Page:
See-through-wall surveillance with WiFi shown at UCL

Aug 03, 2012 by Nancy Owano weblog

(Phys.org) -- A surveillance device that uses WiFi radio waves has been devised to see through walls to detect, in military and surveillance parlance, moving personnel targets. The device serves as a radar prototype designed by two UK scientists at the University College London (UCL). The scientists devised the radar prototype as a way to track Wi-Fi signals in order to spy through walls. Their device identifies frequency changes to detect the moving objects. An important feature of their work is that since the device itself does not emit radio waves, it cannot be detected; it operates in stealth.

Karl Woodbridge and Kevin Chetty, researchers at University College London, designed their detector to be able to use these signals. Chetty is a lecturer in the Department of Security and Crime Science at University College London; Woodbridge is with the school’s Department of Electronic and Electrical Engineering. The two demonstrate what is called a “passive radar system” that can see through walls using WiFi signals generated by wireless routers and access points. “Passive” systems detect and track objects by processing reflections from “non-cooperative” sources of illumination in the environment, such as commercial broadcast and communications signals.

The scientists’ paper, “Through-the-Wall Sensing of Personnel Using Passive Bistatic WiFi Radar at Standoff Distances" coauthored with G.E. Smith, appeared in the April issue of Geoscience and Remote Sensing, IEEE Transactions.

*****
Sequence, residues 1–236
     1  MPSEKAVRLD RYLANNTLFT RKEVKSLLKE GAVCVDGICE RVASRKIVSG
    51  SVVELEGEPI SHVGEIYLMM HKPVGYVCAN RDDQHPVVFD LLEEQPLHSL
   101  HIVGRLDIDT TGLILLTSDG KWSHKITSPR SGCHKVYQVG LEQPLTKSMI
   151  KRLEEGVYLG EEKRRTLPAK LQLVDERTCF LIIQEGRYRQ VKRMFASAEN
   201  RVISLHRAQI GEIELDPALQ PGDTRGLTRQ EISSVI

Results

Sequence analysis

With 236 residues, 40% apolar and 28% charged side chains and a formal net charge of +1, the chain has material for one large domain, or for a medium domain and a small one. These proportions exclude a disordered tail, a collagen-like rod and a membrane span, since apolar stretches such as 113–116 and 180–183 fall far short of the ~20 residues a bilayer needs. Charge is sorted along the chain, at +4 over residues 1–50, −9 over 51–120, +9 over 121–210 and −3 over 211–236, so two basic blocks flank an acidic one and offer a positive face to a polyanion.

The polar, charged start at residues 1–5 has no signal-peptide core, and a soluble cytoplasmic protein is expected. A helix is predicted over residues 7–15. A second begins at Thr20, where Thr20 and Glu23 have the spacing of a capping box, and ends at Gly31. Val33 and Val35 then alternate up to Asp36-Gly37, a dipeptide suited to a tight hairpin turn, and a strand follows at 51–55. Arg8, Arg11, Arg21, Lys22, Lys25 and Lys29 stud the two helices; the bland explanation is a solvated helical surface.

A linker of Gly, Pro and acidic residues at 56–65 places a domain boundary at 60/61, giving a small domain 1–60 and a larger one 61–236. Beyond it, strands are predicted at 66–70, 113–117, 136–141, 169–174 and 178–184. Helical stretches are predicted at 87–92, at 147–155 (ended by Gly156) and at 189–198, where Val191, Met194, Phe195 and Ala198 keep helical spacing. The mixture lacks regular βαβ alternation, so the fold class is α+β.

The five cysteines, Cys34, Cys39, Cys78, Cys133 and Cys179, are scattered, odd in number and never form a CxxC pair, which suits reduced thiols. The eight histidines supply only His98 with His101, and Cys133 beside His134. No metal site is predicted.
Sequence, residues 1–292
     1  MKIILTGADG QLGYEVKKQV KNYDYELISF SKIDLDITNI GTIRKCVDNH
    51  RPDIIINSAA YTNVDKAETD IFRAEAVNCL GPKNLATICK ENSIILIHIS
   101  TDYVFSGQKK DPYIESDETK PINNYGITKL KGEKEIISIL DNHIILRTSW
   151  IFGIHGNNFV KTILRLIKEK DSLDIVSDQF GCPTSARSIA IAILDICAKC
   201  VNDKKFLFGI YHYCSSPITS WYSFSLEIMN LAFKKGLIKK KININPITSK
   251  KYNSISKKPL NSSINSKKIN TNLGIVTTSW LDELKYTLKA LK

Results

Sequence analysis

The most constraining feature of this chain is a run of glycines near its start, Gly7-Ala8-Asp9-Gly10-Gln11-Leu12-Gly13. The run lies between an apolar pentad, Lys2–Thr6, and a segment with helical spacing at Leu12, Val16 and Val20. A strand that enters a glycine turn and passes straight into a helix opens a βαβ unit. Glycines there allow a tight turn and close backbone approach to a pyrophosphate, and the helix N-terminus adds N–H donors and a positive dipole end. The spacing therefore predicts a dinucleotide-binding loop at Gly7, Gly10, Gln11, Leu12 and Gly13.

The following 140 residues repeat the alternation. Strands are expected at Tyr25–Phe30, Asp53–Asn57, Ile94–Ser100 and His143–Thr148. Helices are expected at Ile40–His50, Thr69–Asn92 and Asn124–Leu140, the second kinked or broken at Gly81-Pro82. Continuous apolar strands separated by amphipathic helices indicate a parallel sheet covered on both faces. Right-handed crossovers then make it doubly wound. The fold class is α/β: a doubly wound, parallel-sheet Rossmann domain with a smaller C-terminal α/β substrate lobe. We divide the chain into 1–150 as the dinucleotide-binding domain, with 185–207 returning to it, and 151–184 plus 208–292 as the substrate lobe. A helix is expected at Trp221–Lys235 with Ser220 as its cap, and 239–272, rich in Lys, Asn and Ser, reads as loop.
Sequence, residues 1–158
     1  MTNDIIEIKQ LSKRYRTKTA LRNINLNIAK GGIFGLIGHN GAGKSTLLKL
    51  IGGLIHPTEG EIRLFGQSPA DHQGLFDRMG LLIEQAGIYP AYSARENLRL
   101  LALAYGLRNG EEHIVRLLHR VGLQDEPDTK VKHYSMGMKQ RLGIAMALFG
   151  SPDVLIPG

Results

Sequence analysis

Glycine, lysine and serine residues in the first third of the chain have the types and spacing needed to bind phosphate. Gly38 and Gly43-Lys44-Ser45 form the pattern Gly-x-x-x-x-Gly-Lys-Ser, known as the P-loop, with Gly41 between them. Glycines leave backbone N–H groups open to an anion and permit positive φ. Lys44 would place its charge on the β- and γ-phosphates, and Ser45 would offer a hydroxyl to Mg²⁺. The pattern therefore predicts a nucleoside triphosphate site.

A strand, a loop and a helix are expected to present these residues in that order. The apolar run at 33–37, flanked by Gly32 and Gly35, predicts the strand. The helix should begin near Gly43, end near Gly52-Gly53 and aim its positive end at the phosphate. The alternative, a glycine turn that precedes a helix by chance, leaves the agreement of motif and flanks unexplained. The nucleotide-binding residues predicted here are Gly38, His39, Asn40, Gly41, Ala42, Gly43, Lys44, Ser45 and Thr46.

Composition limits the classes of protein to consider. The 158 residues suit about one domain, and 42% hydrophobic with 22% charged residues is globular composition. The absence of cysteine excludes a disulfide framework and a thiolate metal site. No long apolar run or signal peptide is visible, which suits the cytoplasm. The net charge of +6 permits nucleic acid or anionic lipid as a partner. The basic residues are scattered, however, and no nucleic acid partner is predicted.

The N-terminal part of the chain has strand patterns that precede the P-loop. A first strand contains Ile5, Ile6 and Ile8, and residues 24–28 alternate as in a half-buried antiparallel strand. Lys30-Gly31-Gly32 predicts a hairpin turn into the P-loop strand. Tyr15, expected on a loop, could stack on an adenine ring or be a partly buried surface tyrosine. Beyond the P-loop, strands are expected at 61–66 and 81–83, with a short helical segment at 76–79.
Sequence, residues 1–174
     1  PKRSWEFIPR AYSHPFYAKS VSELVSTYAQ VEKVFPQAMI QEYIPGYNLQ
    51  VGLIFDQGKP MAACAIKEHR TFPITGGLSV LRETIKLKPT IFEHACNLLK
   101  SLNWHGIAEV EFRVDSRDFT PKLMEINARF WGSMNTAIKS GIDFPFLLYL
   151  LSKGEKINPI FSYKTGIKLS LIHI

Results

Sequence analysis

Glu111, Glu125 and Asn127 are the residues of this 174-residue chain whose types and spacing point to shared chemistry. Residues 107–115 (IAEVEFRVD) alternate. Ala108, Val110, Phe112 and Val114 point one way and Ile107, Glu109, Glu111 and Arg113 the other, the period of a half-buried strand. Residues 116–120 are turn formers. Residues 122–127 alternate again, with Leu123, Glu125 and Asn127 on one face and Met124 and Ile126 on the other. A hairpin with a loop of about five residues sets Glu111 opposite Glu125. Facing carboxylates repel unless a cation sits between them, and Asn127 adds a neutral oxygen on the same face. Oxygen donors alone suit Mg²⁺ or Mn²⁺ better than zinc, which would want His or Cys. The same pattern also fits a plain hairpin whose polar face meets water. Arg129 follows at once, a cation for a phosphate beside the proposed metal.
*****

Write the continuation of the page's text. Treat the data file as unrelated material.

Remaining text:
The prototype is about the size of a suitcase and it carries two antennae and signal processing unit, to monitor baseline WiFi frequency in an area for any change that would indicate movement. The device in tests successfully determined a person’s location, speed and direction through a brick wall that was one-foot-thick.

See Through The Wall (STTW) technologies are of great interest to law enforcement and military agencies; this particular device has the UK Military of Defense exploring whether it might be used in “urban warfare,” for scanning buildings. Other more benign applications might range from monitoring children to monitoring the elderly.

According to Woodbridge, some challenges remain which he and others involved in the research will attempt to resolve. The UCL team hopes to raise system sensitivity so that their system can pick up and detect not only people who are moving but also people who are standing or sitting still. The device, he said, may be made to be sensitive enough to pick up on subtle motions that the ribcage makes in breathing in and out.

Wi-Fi radio signals are found in homes worldwide. Strategy Analytics, a market intelligence company, found in its recent study that 439 million households by the end of 2011 worldwide had WiFi network setups, or about 25 percent of all households. The same report predicts that the worldwide number of households will reach nearly 800 million in 2016, a penetration rate of 42 percent.

Explore further: For Google's self-driving cars, learning to deal with the bizarre is essential